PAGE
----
Conversely, on the nights that we stay home (for whatever reason) we tend to go about the business of the evening and never get into the same depth of conversation.

In order for these nightly walks to happen, we have had to make sure it is a priority. We encourage each other to keep up the habit and I’ve had to make sure K and I are ready to head out when dad gets home. Although sometimes we’ve gone for our walk after dinner, we definitely prefer to go before we eat. Because of this, I have to make sure as much of dinner as is possible is prepared in advance so we can eat as soon as we get home.

The work is worth it though. We’ve grown closer as a couple and even K looks forward to our nightly stroll!

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#2 No TV until 8pm

Now, those of you who don’t even have a TV to begin with are way ahead of us in this area, but this has been a big thing for us. It used to be that my husband liked to come home from work and decompress by watching TV. However, the TV would end up staying on all night. It sucked us in and didn’t let go.

So, for Lent this year I suggested changing our TV habits. After some discussion we settled on no TV until 8pm, K’s bedtime.

Now, in the evening we go for our walk and then eat dinner together around the table (or as of late, the picnic table!). Daddy and K have time to hang out for a while before K’s bedtime and I have nothing distracting me from either cleaning up the kitchen or joining in the playtime. If we have anything that needs to be discussed further or any to-do’s that need to get done, they are much more likely to happen with the TV off.

This has been so nice for our family. We interact. We make memories. And I have a better chance of waking up to a clean kitchen. 🙂

Then, K gets put to bed and the final stage of the evening can happen – relaxing together while we watch our favorite shows. A time that we both thoroughly enjoy even more without having had the TV on all night already.

Lent may be over, but this is one habit that we will be keeping up.

Well, those are the two simple things that have made a big difference for us. It’s easy to get overwhelmed with that long list of things you need to improve on. However, you can’t forget about the little things you have accomplished that make a difference in your life.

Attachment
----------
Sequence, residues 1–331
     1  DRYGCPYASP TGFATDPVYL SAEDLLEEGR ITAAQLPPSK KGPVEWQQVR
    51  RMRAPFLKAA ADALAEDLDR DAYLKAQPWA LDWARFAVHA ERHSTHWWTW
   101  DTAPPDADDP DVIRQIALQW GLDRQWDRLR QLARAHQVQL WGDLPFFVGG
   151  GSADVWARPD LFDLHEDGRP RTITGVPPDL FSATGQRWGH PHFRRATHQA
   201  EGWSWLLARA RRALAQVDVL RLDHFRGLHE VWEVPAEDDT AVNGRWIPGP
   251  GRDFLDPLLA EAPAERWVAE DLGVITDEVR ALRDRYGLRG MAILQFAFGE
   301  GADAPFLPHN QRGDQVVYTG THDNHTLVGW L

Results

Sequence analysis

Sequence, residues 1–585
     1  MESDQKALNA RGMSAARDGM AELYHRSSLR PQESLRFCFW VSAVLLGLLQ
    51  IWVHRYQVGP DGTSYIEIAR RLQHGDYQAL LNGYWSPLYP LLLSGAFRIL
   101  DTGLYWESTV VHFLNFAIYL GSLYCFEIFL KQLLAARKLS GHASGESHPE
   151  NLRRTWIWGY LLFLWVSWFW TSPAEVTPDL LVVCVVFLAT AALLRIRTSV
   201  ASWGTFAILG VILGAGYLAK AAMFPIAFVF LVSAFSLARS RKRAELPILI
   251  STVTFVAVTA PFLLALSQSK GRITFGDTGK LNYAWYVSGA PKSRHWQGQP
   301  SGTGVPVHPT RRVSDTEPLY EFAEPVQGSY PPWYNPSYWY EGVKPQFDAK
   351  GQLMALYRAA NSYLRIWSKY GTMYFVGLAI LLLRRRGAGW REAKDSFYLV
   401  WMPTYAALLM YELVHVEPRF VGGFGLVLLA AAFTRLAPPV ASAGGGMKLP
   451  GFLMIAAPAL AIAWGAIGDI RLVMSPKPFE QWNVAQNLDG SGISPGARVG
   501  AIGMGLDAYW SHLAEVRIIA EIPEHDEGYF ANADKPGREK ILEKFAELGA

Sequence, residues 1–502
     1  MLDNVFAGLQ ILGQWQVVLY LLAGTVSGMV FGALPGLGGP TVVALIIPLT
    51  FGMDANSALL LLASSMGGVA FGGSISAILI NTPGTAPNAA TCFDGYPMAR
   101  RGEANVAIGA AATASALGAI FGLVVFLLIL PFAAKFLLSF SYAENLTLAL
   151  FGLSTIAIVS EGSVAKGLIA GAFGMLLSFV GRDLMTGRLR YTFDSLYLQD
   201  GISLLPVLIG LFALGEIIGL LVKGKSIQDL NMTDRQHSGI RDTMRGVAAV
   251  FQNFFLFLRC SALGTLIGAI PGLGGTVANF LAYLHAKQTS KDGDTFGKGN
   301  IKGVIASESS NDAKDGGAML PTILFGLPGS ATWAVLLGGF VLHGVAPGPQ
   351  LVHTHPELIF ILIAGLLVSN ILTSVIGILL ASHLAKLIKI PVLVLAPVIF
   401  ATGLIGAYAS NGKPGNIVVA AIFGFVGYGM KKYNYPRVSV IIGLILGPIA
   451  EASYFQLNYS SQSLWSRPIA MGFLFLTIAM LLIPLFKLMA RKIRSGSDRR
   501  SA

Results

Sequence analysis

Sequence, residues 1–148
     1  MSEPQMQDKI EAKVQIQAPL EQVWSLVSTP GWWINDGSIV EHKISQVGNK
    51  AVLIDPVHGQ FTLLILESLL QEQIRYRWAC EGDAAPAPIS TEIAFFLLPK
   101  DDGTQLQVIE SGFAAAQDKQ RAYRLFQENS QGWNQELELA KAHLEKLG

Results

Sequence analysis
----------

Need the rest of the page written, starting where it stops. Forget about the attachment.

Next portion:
Do you have any little changes you’ve made that have made a difference in your family? I’d love to hear them!

Using a Bad Day to Point Your Child to the Gospel

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It was one of those nights. The ones where the clock ticking down to bedtime couldn’t possibly move any slower. It had been a rough day. K had been particularly… well.. three years old. We’d been struggling with disobedience, stubbornness, angry outbursts, mischievousness, and lack of self-control all. day. long. Typically on nights like this I’m ashamed to admit I normally speed through the bed time routine in record time and then crash on the couch. Teeth, potty, jammies, prayers, kiss, hug, lights out – done.

However, for some reason this night something stirred in my heart and I decided to slow down. I tucked K in and smiled at him.

“We had a rough day today didn’t we?” I said.

It took maybe all of five minutes, but the conversation that followed brought about more fruit than a quick kiss and “I love you” ever could.

We talked about how he had made a lot of bad choices that day. He didn’t do a very good job obeying and he wasn’t very nice. Then, I said something that surprised him a little. I told him that mommy and daddy make bad choices too. He wanted to know what kind, so we talked about that for a little while. Then I told him that everybody does bad things, that’s why we need Jesus. I told him that God is the only one who never does anything wrong. God only does good things.

He thought that was pretty cool.

I told him that we can only be with God if we do good things too. If we do bad things, we can’t be with God, because He is good. Then I told him the good news. Jesus came to be good for us, so we can be with God. Jesus saves us.